Tsunami aid shifts gear
Exactly two months after a devastating tsunami hit southeast Asia, Switzerland is focusing its aid efforts on rebuilding infrastructure and restoring self-sufficiency.
The Swiss government has contributed SFr27 million ($23 million) to the tsunami relief effort, while private Swiss donors have given more than SFr200 million.
The Swiss Agency for Development and Cooperation (SDC) is concentrating its efforts on projects in the worst affected countries; Indonesia, Sri Lanka and Thailand.
Up to 250,000 people died in the disaster, and the number made homeless is estimated at 800,000.
Willy Lenherr, head of the SDC’s Asia Division, said two of the projects on the Indonesian island of Sumatra are focused on water - the restoration of the water supply in Banda Aceh and the cleaning of wells in Melabo on the west coast.
"We have already cleaned roughly 200 wells which is not easy because they get dirty from the salty water and things that were washed in, so one cleaning round is not enough," Lenherr told swissinfo.
Lenherr says the water projects are of vital importance. Last week the UN said that fresh water supplies in tsunami-hit countries were under serious threat, with sources being hit by salt water, sewage and toxic waste.
Another project offers cash to families in Indonesia and Sri Lanka in return for providing shelter to people made homeless by the tsunami.
An expected 100,000 people could benefit from the scheme. It is still in its pilot phase, but Lenherr expects payments in Sri Lanka to start in the next two to three weeks.
"This is a very efficient and fast way of avoiding people going into camps and to put people in a more social and positive environment to help them overcome the trauma of the disaster," said Lenherr.
One of the most famous – and controversial – aid efforts is the rebuilding of three fishing villages on the islands of Koh Kho Khao and Koh Phra Thong in southern Thailand.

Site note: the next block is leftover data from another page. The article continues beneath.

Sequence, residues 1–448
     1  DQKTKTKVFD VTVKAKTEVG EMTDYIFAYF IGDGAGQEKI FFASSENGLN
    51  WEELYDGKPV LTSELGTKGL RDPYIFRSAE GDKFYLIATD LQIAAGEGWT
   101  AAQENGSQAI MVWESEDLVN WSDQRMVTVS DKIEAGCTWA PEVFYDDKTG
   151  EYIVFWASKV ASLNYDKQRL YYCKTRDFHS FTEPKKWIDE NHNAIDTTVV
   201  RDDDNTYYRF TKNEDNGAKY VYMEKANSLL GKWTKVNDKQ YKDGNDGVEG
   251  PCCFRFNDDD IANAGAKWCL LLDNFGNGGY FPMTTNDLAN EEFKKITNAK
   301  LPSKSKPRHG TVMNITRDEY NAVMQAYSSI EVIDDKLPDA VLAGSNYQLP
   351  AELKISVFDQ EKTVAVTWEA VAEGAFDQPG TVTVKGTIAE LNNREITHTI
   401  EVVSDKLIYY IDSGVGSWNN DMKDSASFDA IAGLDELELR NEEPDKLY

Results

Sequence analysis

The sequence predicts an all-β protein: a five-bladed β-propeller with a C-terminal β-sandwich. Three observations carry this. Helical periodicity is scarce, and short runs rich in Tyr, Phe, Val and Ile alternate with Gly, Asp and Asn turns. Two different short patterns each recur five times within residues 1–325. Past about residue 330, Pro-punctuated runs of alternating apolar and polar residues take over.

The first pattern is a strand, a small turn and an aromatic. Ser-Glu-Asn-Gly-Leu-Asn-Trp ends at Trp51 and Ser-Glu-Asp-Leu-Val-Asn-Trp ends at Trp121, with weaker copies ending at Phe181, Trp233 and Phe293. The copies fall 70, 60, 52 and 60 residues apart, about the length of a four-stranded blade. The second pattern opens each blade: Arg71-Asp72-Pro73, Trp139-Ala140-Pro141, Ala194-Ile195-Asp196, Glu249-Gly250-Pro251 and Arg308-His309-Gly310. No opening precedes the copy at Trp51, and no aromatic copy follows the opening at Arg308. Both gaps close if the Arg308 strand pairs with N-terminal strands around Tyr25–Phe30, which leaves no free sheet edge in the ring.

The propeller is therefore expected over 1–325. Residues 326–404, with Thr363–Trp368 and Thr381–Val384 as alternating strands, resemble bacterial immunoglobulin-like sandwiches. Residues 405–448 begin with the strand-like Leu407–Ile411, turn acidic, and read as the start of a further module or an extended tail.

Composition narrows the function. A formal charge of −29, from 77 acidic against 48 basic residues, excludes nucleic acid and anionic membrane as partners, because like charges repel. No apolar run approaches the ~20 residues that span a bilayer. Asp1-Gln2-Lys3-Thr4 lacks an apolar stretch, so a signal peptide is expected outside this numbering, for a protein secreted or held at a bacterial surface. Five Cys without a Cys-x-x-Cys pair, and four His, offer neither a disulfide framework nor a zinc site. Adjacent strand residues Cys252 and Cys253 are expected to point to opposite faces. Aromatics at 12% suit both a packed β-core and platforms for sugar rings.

The idea came from Foreign Minister Micheline Calmy-Rey while on a visit to the area to assess the situation shortly after the tsunami.
"Afterwards people thought what Switzerland was going to do was build a Swiss village - it’s not like that," said Lenherr.
"We have been helping the fishing community to start a new life and earn their own income again."
He added that the next stage would be the reconstruction of schools, health centres, jetties and houses for the fishermen, which the Swiss would supervise.
All in all, Lenherr said he was impressed with the progress made by affected countries in cleaning up and rebuilding themselves after the disaster.
This is despite the fact that in some places, especially in Aceh - where an estimated 200,000 people died - there is still a long way to go before the region recovers.
Lenherr said that the SDC would be continuing its work into the near future but that eventually projects in Thailand and Sri Lanka would be scaled back to those that had already begun before the tsunami.
Negotiations are currently underway with Indonesia over closer cooperation in the future.
"All three countries are back on their own feet and they are taking activities into their own hands and doing development in their own countries," said Lenherr.
"They will not go back to how it was before, but will even try to go more in the direction of a modern developed country and this will be a process that will be very intensive in the next two to four years."
On Sunday, Swiss military helicopters taking part in the UN-led mission are expected to return to Switzerland.
The three Super Pumas were deployed for seven weeks on Sumatra.
The detachment, made up of 50 military personnel, has been carrying out aid flights for the UN refugee agency, UNHCR, transporting equipment such as tents, blankets and medication, as well as aid workers and local people.
Marcus Levy, deputy commander of the Swiss task force in Sumatra, told swissinfo that the decision to return now had been taken because helicopters were no longer deemed necessary for emergency relief operations in the area.
"The improvement is really very good, because the people living here started work immediately," said Levy. "The main roads have been reconstructed, also some bridges, and you can see a lot of boats along the coastline, and that gives a certain logistical support."
"Immediate aid is now over and reconstruction is starting," he added.
swissinfo, Isobel Leybold-Johnson
The undersea earthquake happened near Sumatra on December 26, 2004 and measured 9 on the Richter scale.
Indonesia, Thailand, Sri Lanka, India and the Maldives were most severely affected.
The United Nations says the death toll is up to 250,000.
There are still nearly 80 Swiss experts in the tsunami-hit countries of Indonesia, Sri Lanka, Thailand and India.
Swiss aid is now centred on restoring water supplies, rebuilding infrastructure and offering support. Apart from Thailand, Indonesia and Sri Lanka, there are also smaller projects in India and the Maldives.
Three Super Puma helicopters and 50 military personnel have ended their relief mission on, after six weeks on the island.
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